For the sake of the $1.95 per year it cost to register why piss around, just let it expire.
They know it's wrong, is $1.95 worth the hassle?..
If the US company does not have a Canadian Presence,.
That could be why the .ca was available in the first place..
Check the TM. Otherwise, just let it expire and save yourself.
Simply cancel the domain name and within a few days the problem will cease to exist.
Offer it to them... maybe they offer you a cheese in return...
I would just let it go and consider it finished.
Most likely an offer to the company will result in them demanding the name or them ignoring you. If someone wants to buy it in the aftermarket, sell. But there is probably not a good chance of finding a buyer of a TM'd .ca name.
Technically, if you're attempting to sell the name, that is illegal, because you're trying to profit off of the TM.
I'd just delete the domain and move on...
Let it go..
Why risk the possibility of a large headache for a small, possibly temporary gain.
Not worth the hassle...
I certainly wouldn't advise trying to sell it to the tm owner, or sell it at all... wouldn't be much value imho and yes he would probably need to be very discreet. I echo the others... let it drop or delete it...
The responses seem to indicate that a sale isn't worth looking into. Thanks for the info.
What's really interesting is that the domain owner originally setup an immediate redirect from the .ca domain to the retailers .com site. They then joined the retailers affiliate program and embedded an affiliate ID in the link. So, they were making a pretty penny off of directing .ca traffic over to the .com site... craziness...
I'm an attorney, and have knowledge on the subject. Advise your client to delete the domain forthwith. So long as your client is the named registrant, the trademark owner could conceivably initiate a UDRP claim without so much as a wisper of prior notice. Once the process is initiated, since the complainant will have already put down the fling fee, and paid a big up front retainer of several thousand dollars to an attorney, the matter will proceed even if your client throws up a white flag and offers to walk the domain over to the Complainant. End result-Your client is determined to be a cybersquatter. Ramifications-Next time your client is called upon to defend his legitimate rights in another domain, the other party asserts prior determination to show a pattern of cybersquatting in order to help establish bad faith.....I think you see where I'm going with this...
Tell your friend to make them an offer for buying their company and then run the new purchased business on your .ca domain...should be easy, right?.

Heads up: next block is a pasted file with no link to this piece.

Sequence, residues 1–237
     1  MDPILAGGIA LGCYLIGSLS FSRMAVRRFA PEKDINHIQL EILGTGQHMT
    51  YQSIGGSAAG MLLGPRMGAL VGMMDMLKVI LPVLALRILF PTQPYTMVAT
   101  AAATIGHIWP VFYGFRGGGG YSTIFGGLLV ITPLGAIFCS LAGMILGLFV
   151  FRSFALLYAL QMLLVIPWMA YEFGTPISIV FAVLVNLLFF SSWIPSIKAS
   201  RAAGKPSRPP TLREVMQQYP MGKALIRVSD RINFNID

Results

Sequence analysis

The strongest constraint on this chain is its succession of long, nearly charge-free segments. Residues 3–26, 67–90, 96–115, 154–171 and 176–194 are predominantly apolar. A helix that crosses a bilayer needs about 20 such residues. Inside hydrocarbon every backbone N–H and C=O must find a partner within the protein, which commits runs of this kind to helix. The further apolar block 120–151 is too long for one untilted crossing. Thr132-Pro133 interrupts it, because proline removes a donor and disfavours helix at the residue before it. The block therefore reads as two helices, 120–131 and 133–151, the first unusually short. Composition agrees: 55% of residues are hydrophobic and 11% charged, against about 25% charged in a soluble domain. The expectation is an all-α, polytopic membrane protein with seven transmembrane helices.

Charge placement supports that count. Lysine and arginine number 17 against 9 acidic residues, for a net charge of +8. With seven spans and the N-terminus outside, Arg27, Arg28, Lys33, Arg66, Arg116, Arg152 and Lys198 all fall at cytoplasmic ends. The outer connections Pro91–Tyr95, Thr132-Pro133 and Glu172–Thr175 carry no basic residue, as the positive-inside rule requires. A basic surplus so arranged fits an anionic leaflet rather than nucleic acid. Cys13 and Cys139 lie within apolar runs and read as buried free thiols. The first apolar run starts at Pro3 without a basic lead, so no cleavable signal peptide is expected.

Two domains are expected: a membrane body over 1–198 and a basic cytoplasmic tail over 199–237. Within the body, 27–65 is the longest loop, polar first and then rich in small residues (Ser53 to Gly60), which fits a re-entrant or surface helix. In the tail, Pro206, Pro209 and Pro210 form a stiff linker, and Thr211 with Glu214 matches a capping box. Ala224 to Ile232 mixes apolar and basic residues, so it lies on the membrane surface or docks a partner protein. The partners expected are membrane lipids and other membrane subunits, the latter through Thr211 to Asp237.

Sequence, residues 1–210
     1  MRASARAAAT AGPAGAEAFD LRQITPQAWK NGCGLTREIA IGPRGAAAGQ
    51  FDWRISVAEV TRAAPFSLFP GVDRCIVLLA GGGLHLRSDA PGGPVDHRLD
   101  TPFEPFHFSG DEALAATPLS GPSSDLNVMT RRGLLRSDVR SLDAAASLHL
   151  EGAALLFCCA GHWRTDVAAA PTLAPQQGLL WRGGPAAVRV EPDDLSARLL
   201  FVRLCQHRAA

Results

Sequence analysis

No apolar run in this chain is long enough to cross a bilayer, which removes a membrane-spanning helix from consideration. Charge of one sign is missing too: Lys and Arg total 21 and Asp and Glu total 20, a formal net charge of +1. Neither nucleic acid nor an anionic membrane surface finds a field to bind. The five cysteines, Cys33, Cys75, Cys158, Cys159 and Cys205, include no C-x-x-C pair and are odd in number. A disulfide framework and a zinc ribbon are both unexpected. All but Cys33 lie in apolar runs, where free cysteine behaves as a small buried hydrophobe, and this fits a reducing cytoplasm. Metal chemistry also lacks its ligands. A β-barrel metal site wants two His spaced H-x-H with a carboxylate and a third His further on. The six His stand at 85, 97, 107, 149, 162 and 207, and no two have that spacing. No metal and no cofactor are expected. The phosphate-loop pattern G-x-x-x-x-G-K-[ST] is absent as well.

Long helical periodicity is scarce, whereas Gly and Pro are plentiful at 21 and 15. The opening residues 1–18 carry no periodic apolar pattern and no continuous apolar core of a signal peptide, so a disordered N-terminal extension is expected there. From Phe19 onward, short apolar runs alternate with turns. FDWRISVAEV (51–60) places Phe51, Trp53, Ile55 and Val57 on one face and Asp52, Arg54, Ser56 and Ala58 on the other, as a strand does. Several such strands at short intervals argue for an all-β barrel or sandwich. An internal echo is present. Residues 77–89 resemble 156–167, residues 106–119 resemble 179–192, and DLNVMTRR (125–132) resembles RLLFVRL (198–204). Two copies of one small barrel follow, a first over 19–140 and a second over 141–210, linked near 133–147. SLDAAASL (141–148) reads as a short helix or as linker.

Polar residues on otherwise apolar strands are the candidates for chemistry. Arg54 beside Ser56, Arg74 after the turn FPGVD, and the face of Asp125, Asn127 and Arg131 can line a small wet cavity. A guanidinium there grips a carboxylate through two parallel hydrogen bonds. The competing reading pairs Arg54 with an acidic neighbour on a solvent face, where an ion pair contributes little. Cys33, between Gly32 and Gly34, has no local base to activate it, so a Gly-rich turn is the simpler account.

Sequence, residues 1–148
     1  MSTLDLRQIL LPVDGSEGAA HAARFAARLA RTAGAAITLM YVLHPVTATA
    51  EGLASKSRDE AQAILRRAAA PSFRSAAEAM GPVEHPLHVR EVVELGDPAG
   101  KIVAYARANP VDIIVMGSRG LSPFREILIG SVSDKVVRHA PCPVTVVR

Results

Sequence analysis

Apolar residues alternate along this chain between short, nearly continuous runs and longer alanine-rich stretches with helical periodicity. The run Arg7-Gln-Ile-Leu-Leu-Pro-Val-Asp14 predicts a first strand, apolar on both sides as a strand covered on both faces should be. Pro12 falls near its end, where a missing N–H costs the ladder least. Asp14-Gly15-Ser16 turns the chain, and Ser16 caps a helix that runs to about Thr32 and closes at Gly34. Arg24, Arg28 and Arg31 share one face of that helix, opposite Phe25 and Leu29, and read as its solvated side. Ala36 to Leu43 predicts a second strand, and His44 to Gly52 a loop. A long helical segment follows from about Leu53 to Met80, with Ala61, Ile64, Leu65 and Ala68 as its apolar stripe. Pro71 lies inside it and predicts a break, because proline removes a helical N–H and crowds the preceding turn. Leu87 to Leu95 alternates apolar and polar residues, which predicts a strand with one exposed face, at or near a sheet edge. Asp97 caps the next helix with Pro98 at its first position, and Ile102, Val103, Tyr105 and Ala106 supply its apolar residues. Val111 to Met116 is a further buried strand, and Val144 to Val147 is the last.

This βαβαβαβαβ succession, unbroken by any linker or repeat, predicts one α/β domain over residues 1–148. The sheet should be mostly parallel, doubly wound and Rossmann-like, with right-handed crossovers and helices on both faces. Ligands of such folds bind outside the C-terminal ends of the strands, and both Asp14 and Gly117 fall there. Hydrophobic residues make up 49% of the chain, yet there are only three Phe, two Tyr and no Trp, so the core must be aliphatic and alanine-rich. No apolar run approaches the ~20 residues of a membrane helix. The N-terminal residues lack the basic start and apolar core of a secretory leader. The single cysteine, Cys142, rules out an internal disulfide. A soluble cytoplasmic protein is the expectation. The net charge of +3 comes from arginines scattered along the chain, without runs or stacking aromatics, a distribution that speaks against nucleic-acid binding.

Or ask for a franchise option.....
But back to the real world....tell him to cancel the domain, don't park it or try to sell....just duck in the sand and hope everything works out....and don't forget to contact the registrar , tell him not to show ads on that domain after cancelling because that could hurt you in the long run(or your "friend").
Tell your client to read the affiliate agreement with that company. S/he might.
Get the shock of his/her life.
And like the others, tell your client 2 simple words: drop it. May not be worth.
The potential hassle, unless your client thrives on risks...
Just to let you know, getting rid of the domain will not release their liability from registering (and profitting from) the domain in the first place. If the TM holder wished, they could still go after them with all of the penalties associated with the Lanham Act...
My bad sorry. The advise would still be the same though...
At that point they have to determine, since the user willingly stopped the infringement, would it be worth it to spend the money to sue him/her... Even if they won, which they almost undoubtedly would, there would be a fair chance the user couldn't pay up. The likelyhood of winning a noticeable sum over the legal fees accrued would probably be relatively low imho. If the tm holder is as big as the op states, they may be willing to make an example of him for the sake of scaring other potential squatters though.
By getting out of the situation asap, he may yet garner some good will and avoid their wrath...only time will tell...
Exactly. I've seen a couple of cases like that before.
Someone else mentioned the Lanham Act however US law is not Canadian law and they would have to sue in Canada. Canadian judgements seldom reflect either the actual legal cost or real damages and almost never award punitive damages.
It's one of the reasons we're no where near as sue happy as the US.
Regardless it's not worth the hassle...
Regardless of the borders, cybersquatting is cybersquatting....always creates a bad reputation amongst domainers......
I have the clear and legal solution.
Give me the domain.
Yeah...if I don't pay for it...well then your friend isn't profiting. Whatever I do with it isn't his problem afterwards.
PM me if you want to do this.
(yeah I got ballz how about you)..